Intel has announced that CEO Paul Otellini will step down on 16 May, to be replaced by the COO Brian Krzanich. Intel’s share value dipped slightly after the announcement that Krzanich would replace Otellini, but has since rallied and is steadily gaining.
While Otellini is very much a businessman – he has a bachelor’s degree in economics and an MBA, and joined Intel as a manager in 1974 – Krzanich has a degree in chemistry, and joined Intel as a process engineer in 1982. Krzanich has quite literally worked his way all the way up, from basic manufacturing positions, to his first major leadership role as manager of Fab 17 in 1997, to General Manager of Manufacturing and Supply in 2007, to his eventual rise to COO in 2012.
Apparently, according to some sources, Krzanich first stuck his head above the crowd when he devised the 0.13 micron (130nm) CMOS process, which would be used to build such chips as the Tualatin Pentium 3 and Northwood P4.
In short, then, Intel will have an engineer at the helm – but is that a good thing? According to many analysts, promoting the COO to CEO was a safe bet – and indeed, Krzanich takes the exact same path as his predecessors, Otellini and Craig Barrett, who were both COO before becoming CEO. Analysts expect Krzanich to mostly stick to the plan, and not attempt a major strategy change. The question is, does Intel need a safe bet, or does it need a CEO with a little more pizzazz?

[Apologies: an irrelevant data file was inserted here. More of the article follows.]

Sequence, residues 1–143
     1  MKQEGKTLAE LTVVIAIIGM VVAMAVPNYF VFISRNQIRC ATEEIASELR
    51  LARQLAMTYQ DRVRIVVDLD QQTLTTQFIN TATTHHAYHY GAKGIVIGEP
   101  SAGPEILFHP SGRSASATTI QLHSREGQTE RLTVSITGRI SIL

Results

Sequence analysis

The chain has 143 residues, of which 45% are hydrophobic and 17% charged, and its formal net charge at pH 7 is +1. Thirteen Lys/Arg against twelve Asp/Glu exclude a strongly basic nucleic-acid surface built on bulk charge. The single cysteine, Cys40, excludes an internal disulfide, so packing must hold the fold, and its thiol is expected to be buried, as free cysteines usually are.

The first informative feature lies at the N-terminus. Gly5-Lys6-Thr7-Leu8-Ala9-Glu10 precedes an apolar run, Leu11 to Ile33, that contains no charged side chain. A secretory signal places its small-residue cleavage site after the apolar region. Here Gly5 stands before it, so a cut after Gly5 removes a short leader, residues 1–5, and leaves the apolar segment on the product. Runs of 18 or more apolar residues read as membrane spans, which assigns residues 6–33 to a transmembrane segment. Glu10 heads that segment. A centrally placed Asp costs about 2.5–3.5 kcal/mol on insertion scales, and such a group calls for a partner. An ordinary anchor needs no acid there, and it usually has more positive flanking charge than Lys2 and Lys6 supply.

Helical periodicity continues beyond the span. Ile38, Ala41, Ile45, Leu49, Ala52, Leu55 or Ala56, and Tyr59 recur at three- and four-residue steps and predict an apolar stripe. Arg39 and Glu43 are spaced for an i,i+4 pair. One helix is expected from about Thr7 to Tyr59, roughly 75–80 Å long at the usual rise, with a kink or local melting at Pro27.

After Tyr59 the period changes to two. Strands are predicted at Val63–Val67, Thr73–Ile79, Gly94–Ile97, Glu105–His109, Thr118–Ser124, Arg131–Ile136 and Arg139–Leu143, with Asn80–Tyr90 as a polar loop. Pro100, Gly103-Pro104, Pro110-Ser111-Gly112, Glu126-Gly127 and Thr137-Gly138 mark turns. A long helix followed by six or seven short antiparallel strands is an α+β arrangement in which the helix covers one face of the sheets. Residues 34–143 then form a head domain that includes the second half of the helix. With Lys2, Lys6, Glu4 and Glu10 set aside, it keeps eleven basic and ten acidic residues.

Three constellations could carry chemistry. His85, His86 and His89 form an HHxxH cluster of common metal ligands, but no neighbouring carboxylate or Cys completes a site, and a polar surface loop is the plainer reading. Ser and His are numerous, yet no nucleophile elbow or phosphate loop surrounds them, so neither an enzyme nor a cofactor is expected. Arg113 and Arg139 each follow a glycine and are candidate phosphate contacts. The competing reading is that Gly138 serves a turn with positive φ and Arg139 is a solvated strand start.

This change in leadership at Intel comes at a critical juncture. After decades of being by far and away the largest computer chip maker, the last couple of years have been tricky for Intel. In essence, Intel missed the smartphone and tablet boat, ceding massive amounts of territory to mobile chip makers such as Qualcomm. At the same time, the PC market – Intel’s utterly, ridiculously massive cash cow – has declined.
Intel has been racing to catch up, and Bay Trail’s release in the autumn should finally prove that it can compete in the mobile space. Will Krzanich keep Intel on the path outlined by Otellini, or will he try something different? Otellini’s choices look like they will eventually pay off, but on a longer timeline than many would hope. When you’re talking about chip designs and process nodes that take years to design and implement, though, nothing happens too quickly.
It will also be interesting to see whether Krzanich takes Intel further down the foundry path or not. Intel has been pumping up its foundry business over the last year, and there’s a persistent rumour that it might try to snatch up a big customer, such as Apple.
There are some who think that this would be akin to Intel shooting itself in the foot, though – a much better solution would be to improve its own mobile chips, and then get Apple to switch from ARM to x86. After all, as Intel’s mobile boss says, ARM is not intrinsically more efficient than x86; it’s just that ARM chip makers have been focusing on efficiency for years, while the Intel oil tanker is only now reorienting itself towards ultra-low-wattage chips.
Krzanich has a fun few years ahead of him, that’s for sure.